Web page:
When Plunging Doesn't Work
It’s never an ideal situation: A quick trip to the bathroom followed by a single flush and, boom, you’re dealing with a clogged drain or—much worse—a nearly overflowing toilet. If you find yourself without a plunger or if using a plunger doesn't work, consider your unclogging options before hiring a plumber. There are a number of ways ways to take care of a toilet overflow or toilet clog, many of which require nothing more than the items you already have in your bathroom or kitchen cabinets. Read on to learn how to fix a clogged toilet (and be sure to wear protective gloves).
When you notice a nasty clog, your best bet is to fill a pan with hot water. Heat it up on the stove or use the tap, but don’t let the water get to boiling point. Pour it down the drain and let it sit for a few minutes to see if it loosens the clog. You’ll know if your efforts were successful if you see the water start to drain. Then, give the toilet a flush or two. In many cases, the hot water is enough to break up whatever is causing the backup.
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If you need to kick the unclogging process up a notch, borrow some dish soap from the kitchen and squeeze a generous amount, about a 1/4 cup should do, into the toilet bowl. Let the soap sit for 5 to 10 minutes so it has time to move down the drain and reach the clog. Then, add hot water (again, not boiling water) to the bowl and give it some time to sit. In most cases, the dish soap will act as a lubricant and grease the clog in the toilet drain to get everything moving again.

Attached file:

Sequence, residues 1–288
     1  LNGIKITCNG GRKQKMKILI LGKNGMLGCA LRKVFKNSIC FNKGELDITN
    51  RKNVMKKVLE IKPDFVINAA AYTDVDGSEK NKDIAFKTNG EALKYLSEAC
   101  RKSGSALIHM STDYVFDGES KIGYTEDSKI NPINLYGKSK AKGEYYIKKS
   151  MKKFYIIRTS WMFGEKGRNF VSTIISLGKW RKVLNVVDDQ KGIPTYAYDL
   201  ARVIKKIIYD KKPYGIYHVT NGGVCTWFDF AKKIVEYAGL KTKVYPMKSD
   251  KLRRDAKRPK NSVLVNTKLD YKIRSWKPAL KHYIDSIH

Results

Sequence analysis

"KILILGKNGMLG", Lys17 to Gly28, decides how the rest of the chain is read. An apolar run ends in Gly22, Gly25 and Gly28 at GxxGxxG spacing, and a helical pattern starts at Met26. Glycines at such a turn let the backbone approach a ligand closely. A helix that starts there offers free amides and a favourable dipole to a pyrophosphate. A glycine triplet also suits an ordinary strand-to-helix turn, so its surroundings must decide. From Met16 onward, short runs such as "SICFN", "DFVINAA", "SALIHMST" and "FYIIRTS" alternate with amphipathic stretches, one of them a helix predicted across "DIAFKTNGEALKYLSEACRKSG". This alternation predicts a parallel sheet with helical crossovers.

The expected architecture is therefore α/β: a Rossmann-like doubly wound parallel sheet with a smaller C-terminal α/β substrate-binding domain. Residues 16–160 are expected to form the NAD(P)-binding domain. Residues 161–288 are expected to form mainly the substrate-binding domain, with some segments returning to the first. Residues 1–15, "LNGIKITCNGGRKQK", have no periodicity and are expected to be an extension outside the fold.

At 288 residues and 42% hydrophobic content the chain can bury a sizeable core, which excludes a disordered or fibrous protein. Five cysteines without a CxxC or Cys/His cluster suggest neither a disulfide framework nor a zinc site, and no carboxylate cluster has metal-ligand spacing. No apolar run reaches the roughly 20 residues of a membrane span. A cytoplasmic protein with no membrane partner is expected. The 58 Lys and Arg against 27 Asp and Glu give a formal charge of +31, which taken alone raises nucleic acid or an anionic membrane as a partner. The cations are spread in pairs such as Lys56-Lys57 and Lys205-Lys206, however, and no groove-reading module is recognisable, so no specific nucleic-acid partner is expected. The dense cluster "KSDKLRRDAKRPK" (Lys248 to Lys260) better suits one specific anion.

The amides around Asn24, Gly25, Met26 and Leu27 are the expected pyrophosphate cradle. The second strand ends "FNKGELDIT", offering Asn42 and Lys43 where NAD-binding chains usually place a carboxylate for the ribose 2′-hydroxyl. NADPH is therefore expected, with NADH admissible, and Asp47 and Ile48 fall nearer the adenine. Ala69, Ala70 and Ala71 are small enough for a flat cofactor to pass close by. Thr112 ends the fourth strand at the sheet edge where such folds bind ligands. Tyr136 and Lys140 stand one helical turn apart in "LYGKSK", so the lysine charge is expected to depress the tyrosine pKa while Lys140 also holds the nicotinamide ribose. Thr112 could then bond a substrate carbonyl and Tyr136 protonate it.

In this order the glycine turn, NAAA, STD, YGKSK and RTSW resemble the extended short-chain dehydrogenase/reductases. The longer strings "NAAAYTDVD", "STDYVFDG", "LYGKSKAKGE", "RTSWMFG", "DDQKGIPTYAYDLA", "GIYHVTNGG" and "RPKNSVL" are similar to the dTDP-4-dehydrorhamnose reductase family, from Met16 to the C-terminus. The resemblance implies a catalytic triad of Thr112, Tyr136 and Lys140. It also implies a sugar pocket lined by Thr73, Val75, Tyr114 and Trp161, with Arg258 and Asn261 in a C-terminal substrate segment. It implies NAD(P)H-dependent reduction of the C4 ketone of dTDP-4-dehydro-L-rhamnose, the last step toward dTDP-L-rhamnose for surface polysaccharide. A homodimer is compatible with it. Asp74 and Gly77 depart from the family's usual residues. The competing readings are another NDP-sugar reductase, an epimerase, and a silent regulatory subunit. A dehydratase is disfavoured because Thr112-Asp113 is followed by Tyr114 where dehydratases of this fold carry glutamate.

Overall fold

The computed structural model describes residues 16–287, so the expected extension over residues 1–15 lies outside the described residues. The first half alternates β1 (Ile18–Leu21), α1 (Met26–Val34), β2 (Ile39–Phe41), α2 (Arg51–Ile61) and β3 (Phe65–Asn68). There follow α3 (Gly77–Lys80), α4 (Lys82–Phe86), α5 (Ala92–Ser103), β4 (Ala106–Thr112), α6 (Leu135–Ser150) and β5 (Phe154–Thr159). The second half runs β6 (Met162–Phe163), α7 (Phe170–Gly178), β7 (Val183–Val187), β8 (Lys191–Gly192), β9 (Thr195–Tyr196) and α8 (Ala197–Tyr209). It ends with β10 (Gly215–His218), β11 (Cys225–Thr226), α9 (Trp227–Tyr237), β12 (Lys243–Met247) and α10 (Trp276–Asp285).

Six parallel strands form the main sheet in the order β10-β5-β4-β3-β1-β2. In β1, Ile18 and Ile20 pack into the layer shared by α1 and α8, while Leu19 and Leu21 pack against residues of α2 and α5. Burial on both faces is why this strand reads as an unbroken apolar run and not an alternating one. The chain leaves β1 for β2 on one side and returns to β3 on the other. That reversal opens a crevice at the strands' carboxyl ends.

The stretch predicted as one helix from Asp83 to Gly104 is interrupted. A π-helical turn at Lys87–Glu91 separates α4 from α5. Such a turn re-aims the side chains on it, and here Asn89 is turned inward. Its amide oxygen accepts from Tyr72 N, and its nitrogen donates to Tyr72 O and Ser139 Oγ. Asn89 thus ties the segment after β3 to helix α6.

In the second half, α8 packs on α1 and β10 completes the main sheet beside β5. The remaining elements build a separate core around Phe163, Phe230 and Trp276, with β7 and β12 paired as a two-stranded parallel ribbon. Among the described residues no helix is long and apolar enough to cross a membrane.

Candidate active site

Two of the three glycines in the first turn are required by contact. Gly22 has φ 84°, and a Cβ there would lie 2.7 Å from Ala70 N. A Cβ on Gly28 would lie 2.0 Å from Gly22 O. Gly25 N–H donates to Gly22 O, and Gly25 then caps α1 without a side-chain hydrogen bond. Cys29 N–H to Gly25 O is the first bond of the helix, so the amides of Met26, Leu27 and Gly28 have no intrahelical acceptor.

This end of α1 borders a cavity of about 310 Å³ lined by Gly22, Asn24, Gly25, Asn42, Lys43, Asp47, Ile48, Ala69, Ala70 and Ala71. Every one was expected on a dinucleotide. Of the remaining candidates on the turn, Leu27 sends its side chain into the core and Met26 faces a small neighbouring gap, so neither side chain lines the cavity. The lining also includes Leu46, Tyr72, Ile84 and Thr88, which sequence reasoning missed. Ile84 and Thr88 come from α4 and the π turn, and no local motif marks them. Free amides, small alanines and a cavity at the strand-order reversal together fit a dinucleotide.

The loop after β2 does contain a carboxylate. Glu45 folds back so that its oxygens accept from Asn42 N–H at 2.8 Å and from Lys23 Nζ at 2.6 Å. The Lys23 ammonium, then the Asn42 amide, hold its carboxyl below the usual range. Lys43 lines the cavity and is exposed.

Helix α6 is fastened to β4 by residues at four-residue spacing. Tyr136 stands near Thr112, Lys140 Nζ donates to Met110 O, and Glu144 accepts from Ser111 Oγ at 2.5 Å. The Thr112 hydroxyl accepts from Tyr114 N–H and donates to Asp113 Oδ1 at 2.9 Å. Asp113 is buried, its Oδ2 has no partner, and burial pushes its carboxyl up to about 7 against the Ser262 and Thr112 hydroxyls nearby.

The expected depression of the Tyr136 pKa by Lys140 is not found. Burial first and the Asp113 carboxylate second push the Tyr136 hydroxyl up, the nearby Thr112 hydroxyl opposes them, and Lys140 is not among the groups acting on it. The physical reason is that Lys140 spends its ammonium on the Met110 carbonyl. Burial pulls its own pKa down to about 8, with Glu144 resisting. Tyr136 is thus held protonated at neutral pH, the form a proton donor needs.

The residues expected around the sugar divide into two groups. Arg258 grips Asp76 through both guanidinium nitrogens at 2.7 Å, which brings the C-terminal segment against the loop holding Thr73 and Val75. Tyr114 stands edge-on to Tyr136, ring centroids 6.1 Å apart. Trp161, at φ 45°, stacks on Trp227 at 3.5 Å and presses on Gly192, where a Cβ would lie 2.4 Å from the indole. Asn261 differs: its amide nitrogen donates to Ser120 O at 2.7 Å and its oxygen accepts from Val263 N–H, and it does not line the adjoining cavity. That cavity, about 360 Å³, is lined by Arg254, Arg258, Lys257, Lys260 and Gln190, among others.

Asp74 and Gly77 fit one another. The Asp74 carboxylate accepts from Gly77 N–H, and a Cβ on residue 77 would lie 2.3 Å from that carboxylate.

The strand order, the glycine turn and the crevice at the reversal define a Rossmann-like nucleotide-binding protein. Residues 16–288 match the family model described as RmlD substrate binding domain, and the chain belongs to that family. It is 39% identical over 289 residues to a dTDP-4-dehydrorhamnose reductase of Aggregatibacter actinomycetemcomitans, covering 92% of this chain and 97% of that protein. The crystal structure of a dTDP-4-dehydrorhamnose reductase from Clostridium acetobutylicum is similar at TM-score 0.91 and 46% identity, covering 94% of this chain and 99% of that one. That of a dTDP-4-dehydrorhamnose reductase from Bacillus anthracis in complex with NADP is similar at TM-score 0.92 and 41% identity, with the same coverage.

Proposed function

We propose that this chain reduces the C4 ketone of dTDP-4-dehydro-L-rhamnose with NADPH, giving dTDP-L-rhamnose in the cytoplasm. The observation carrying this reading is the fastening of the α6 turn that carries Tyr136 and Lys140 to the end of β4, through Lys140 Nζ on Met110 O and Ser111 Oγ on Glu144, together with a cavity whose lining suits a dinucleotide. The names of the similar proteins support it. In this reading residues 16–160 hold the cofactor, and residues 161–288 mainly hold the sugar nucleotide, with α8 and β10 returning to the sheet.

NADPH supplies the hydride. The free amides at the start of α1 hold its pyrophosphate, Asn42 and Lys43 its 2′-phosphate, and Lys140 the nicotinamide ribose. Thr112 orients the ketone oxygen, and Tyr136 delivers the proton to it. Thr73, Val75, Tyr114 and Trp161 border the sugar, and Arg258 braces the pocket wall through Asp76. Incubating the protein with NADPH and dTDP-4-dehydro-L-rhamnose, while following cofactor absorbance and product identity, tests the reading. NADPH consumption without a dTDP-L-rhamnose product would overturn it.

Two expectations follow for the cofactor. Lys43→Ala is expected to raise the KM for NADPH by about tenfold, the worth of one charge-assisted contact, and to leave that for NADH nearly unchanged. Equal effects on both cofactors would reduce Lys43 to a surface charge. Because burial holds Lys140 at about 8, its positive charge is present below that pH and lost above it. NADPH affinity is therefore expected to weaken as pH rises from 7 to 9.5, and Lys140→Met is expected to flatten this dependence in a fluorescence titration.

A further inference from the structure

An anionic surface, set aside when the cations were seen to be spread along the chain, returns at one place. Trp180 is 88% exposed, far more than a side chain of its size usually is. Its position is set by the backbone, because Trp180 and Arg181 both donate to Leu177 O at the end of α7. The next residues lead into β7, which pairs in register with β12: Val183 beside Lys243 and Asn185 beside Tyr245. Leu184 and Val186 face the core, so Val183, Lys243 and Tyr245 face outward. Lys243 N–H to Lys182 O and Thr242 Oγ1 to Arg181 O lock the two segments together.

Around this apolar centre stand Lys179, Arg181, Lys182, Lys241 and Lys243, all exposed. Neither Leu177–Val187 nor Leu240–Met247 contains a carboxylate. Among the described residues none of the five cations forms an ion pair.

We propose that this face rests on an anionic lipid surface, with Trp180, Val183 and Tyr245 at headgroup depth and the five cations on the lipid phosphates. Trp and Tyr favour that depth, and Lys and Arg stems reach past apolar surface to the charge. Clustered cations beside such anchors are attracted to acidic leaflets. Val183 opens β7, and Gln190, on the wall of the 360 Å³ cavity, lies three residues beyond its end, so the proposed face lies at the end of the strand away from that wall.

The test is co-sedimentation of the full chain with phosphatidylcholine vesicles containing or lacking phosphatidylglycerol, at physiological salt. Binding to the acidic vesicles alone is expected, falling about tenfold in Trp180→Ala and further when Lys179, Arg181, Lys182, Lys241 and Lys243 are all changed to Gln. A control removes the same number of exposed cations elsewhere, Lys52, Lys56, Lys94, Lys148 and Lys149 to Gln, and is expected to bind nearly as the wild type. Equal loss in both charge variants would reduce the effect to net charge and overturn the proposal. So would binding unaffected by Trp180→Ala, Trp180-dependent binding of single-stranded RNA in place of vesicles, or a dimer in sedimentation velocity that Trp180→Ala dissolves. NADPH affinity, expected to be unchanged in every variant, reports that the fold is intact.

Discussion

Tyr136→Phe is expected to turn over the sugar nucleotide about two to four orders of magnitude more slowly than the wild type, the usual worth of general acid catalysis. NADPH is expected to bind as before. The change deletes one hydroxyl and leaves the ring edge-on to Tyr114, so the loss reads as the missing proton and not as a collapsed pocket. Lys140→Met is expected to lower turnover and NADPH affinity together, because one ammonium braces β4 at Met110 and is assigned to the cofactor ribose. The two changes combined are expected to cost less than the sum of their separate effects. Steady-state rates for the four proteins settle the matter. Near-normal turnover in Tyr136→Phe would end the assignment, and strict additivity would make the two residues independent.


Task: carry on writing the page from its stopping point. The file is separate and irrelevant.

It’s time to channel what you learned in elementary school science! If your toilet bowl is already filled to the brim, either empty out some of the water or be prepared for a little overflow. Next, pour one cup of baking soda and one cup of vinegar down the toilet drain. When the vinegar and baking soda combine, the natural chemical reaction will bubble up and loosen the clog. After about thirty minutes, follow up with some hot water and see if it drains. If it does, you're good to go. If it doesn't, repeat the process once more.
This may seem a little unpleasant, but if you’re really in a bind and there’s no plunger in sight, grab a toilet brush and angle the bristles down the drain. Pumping up and down a few times should be enough to loosen things up so the clog clears in no time. (If you want a plunger handy for your next clog, here are our recommended plungers.)
If you don’t have access to a drain snake, you can fashion your own using a wire coat hanger from your closet. Simply unwind the hanger so that it’s completely straight with the exception of the hook. Then, wrap a small rag around the hook to help prevent any scratches or damage to the porcelain and, while wearing rubber gloves, gently angle the hanger down the drain until you find the clog. When the water starts to drain, flush the toilet a few times to clear it out.
Don't run out to buy Drano, create your own DIY de-clogger instead by mixing together the following ingredients: 2 cups baking soda, 1/4 cup Epsom salt, and 8-10 tablespoons of dish detergent (add one tablespoon at a time). Pour the combination into individual muffin liners, then let them dry and harden overnight. The next morning, drop one into the toilet bowl, add four cups of water, and let it sit for a few hours to see results.
Last resort: Rent a wet/dry vacuum from your local hardware store—do not, we repeat, do not try this with a regular vacuum. First, use it to empty the water from the bowl. Next, wrap the hose in an old rag to create a seal, then stick the wet/dry vacuum a few inches down the drain. When you turn on the vacuum, it should suck out the clog. Again, don't forget the rubber gloves!
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